herald

Tuesday 21 October 2014

I can't bear sex with the light on

Q MY boyfriend has started asking me to turn the light on when we're having sex. I've always been self-conscious about my body and feel much more comfortable having sex in the dark.

One night, he got really annoyed and went and got the emergency torch from the boot of his car and crawled under the duvet with it until I screamed so loudly he had to stop. I also refuse to kick the duvet off when we're having sex in the morning. I've tried to compromise by lighting a candle in the bedroom, but he said it was like having sex with my shadow.

I also think I won't be relaxed enough with the light on to have an orgasm and this will spoil sex for me.

A This is obviously a deeply personal matter, but one that is beginning to take its toll on your relationship. Men, by their very nature, are visual creatures, and it is understandable that he gets more turned on by seeing your naked body during sex.

This is perfectly normal. It seems to me that your issue stems from a lack of body confidence and a concern about what he might think of you.

Please try not to worry as he's with you because he likes you just the way you are. My advice is to really look at the reasons why you feel this way and work on changing your mindset.

Speak to your boyfriend about your worries as he will help to reassure you. It would be hugely liberating for you to change your attitude and learn to love yourself.



Q I am 14 and always seem to disappoint my mum. When we're out and meet people she'll say something like, "You'll have to excuse my daughter, she got dressed in a hurry." I love hoodies and she hates them.

Or if anything about school comes up (I'm fairly average in all my subjects) she'll say something like, "I'm glad I work so hard to pay your fees as you're clearly gaining so much academically."

Recently, she said she must have done something wrong in a previous life to end up with a daughter who is going to bake cupcakes for a living. I love baking and think I'm okay at it, but she says anyone with an hour to spare and half a brain can bake a cake. How can I get her to like me?

A It is crucial for you to resolve these issues with your mum as quickly as possible, because you cannot continue to live your life trying to please another person. It must be so disheartening to feel that you continually let her down. I understand that she wants the best for you and your future, but you're also a unique individual who deserves to be happy and to express your personality and creativity as you wish.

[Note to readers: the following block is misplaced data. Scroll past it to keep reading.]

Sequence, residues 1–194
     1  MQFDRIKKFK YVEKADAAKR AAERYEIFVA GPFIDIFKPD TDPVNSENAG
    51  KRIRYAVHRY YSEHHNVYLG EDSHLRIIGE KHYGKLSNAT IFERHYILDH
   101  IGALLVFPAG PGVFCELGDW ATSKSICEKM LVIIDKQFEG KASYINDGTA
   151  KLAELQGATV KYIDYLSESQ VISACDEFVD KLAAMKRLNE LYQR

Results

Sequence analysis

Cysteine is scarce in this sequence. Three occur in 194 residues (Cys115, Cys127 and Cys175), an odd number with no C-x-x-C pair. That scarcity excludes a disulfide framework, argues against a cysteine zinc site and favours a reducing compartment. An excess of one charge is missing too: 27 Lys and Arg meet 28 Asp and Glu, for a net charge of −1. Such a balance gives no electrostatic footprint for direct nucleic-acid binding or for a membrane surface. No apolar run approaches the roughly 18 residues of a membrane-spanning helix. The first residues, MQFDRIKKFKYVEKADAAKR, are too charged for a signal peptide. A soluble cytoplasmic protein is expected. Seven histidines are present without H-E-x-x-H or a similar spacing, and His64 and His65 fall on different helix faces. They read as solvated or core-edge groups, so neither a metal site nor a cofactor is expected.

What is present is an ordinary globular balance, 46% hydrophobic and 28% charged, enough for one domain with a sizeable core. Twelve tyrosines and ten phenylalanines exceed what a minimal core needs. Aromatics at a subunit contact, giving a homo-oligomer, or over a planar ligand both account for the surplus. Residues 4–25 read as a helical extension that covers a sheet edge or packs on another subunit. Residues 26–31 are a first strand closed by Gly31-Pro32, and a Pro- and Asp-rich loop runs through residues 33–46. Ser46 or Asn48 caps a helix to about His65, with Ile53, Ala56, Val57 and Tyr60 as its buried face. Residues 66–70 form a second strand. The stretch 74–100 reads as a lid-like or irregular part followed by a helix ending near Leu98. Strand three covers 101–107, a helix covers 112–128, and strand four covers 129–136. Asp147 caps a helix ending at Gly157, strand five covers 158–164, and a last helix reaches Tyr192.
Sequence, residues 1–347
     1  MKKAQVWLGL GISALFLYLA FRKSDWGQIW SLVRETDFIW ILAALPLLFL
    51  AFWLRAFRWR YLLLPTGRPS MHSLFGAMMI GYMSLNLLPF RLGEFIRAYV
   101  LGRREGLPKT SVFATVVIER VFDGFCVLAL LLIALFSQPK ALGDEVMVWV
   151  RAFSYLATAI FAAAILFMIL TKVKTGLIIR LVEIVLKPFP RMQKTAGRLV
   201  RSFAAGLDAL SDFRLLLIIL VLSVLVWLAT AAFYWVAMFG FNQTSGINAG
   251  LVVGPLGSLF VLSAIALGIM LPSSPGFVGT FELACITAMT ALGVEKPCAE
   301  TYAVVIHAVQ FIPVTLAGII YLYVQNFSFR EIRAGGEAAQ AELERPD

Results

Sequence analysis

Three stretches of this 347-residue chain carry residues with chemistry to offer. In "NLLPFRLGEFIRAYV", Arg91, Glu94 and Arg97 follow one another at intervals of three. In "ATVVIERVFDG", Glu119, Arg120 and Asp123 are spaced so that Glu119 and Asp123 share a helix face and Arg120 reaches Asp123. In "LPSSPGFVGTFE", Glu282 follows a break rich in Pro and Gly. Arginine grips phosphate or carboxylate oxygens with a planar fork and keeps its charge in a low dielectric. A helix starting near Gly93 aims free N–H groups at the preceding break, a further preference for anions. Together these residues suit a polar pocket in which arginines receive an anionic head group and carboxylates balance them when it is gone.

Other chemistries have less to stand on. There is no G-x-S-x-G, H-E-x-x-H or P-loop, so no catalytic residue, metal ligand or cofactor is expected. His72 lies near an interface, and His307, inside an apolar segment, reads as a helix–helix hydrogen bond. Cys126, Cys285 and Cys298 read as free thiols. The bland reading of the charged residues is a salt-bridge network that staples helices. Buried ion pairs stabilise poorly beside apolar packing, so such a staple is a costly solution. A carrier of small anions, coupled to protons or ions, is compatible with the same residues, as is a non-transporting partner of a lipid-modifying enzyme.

While it's important to do your best in school, you should do it for you and not your mother.

I advise you to speak to her and explain that you want to live your life without feeling that you're trying to do it all to please her, and that her constant judgmental comments are getting you down.



Q My sister asked me to go to a weight-loss class with her for moral support. I've lost half a stone and she's gained three pounds. She is a secret eater and every time I look under her bed I find empty biscuit and crisps packets, which she swears she knows nothing about.

Now she wants me to have liposuction with her for moral support. I'm tempted as there is some fat on my thighs which isn't budging.

The thing is, I've only got one sister and I want what's best for her and I don't think she'll ever lose weight if she doesn't find out why she eats so much.

When I suggest therapy she goes bonkers and says she is 20 not 12 and I can't tell her what to do.

A You're absolutely right to offer your support to her and to figure out what is driving her desire to eat in secret. It is pretty clear that she is eating those forbidden foods that cause her to gain weight, yet she is also in denial about her situation.

I would urge you to ensure she avoids a procedure as drastic as lipo, because it doesn't tackle the real issue here. While she may not be open to therapy right now, my advice is to really encourage her to deeply consider why she eats like this.

It may be boredom, or something that was said or done to her in her sensitive teenage years. Approach this topic with her in a non-judgmental and supportive manner.

I hope she will figure out a lot about herself and her triggers to enable her to change her relationship with food.

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